Archive for Requiescant

Cox’s Orange Pippins: A Fistful of Nails

Posted in FILM, MUSIC, Mythology with tags , , , , , , , , , , , , , , , , , , , on July 4, 2022 by dcairns

There are a surprising number of crucifixions in spaghetti westerns: here are some of them.

I wanted to start with teenage Jesus Jeffrey Hunter because his Calvary was in Spain, like so many of the crucified cowpokes and such pictured here, but Hunter doesn’t say the line I needed him to say, so I resorted to Max Von Sydow for the second bit. Max’s Golgotha is a Hollywood sound stage, but his Holy Land generally was Utah, an acceptable western landscape.

Alex Cox, in his study 10,000 Ways to Die, traces the injury to the hand motif, first scene in the Italian west in DJANGO, to THE MAN FROM LARAMIE and ONE-EYED JACKS, which seems bang-on. OEJ is probably the more direct influence, and as Cox points out, it also introduces the dilatory, Hamlet-like hero who hangs about for unclear reasons until his opponents can get him. Which is one of the few things the hero of JOHNNY HAMLET shares with his Shakespearean namesake.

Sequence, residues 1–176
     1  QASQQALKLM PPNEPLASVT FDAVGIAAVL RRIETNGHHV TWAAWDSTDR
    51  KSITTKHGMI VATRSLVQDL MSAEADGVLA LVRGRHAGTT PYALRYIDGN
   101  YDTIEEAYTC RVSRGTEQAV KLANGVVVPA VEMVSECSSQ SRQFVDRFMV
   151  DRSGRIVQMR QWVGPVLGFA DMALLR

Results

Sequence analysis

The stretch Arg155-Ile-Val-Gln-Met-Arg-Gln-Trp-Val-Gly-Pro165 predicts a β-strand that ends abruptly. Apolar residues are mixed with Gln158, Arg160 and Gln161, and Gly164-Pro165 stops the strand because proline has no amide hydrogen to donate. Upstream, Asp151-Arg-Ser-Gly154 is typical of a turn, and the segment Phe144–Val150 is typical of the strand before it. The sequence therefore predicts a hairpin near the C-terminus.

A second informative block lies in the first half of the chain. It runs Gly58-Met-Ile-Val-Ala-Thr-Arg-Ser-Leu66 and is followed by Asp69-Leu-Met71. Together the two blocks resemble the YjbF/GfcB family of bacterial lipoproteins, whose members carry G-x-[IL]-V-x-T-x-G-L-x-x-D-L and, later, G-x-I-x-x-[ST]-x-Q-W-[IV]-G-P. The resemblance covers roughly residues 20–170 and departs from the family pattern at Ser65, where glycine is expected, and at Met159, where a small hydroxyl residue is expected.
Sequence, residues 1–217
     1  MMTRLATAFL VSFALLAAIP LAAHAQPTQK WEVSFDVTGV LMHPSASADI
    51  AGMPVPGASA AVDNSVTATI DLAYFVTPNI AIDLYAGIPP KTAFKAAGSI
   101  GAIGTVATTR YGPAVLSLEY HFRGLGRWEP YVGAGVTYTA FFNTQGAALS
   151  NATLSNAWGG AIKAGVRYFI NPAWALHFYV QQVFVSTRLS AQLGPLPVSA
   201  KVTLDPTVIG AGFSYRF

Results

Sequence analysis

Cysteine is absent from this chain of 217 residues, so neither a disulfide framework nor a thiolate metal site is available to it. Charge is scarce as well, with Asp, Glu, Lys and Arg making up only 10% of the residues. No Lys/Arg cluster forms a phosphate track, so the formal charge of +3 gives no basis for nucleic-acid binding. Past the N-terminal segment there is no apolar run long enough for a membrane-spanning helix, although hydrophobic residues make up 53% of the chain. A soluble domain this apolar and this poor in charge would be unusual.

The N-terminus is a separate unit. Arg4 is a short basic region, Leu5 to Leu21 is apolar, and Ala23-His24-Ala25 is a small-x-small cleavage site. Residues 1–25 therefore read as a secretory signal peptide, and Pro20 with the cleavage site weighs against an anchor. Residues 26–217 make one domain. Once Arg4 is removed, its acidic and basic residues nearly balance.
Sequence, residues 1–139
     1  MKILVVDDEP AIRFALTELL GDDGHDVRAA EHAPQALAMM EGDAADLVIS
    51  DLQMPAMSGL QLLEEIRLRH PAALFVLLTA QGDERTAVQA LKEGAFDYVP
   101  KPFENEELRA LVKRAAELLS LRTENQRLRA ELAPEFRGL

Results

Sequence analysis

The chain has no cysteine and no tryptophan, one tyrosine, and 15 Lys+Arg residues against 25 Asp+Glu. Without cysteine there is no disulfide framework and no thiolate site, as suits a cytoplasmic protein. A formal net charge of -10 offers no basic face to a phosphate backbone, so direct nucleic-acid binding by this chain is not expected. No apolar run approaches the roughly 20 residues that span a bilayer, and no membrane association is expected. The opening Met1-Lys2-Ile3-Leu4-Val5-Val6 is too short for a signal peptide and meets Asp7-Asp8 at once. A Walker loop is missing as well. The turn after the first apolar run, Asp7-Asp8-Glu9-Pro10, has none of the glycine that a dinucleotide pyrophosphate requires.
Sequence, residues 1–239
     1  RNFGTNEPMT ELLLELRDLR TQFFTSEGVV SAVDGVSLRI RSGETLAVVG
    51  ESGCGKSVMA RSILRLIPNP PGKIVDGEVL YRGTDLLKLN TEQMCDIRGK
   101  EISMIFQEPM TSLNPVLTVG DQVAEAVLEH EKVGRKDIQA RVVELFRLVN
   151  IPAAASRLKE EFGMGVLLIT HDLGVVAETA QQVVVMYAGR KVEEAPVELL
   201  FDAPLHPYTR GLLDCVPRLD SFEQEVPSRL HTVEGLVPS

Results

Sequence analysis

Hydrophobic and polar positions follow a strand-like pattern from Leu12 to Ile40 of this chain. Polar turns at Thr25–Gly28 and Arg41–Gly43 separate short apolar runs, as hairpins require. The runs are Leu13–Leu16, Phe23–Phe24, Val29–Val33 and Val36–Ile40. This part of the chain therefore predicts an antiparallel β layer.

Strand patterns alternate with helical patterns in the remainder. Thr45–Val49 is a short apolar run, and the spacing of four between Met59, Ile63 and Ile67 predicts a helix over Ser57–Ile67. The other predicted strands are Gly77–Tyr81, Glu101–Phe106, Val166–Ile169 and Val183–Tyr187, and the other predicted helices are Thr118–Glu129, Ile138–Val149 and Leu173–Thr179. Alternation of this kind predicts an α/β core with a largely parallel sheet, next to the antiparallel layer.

This observation is one of my favourite bits of Cox criticism. Brando’s revisionist western, coloured by his streak of sadomasochism, seems like an ur-text for the Italian west, with its amoral hero and generalized corruption, almost as much as YOJIMBO.

But the crushed or perforated gun-hand also calls to mind the biblical cross, perhaps the one big ur-text of Italian cinema. (Cox also points out that Terence Stamp in TOBY DAMMIT is in Rome to star in “the first catholic western”; and that his payment, a Cadillac Ferrari, is also what Pasolini got for appearing in Lizzani’s western REQUIESCANT: he doesn’t draw the obvious inference that TD is in part a swipe at Pasolini, a former script collaborator of Fellini’s. Fellini we know often resented members of his team when they went to work elsewhere. But Toby is also based on Edgar Poe himself, and on Broderick Crawford, alcoholic movie star who came to Rome for Fellini’s IL BIDONE.)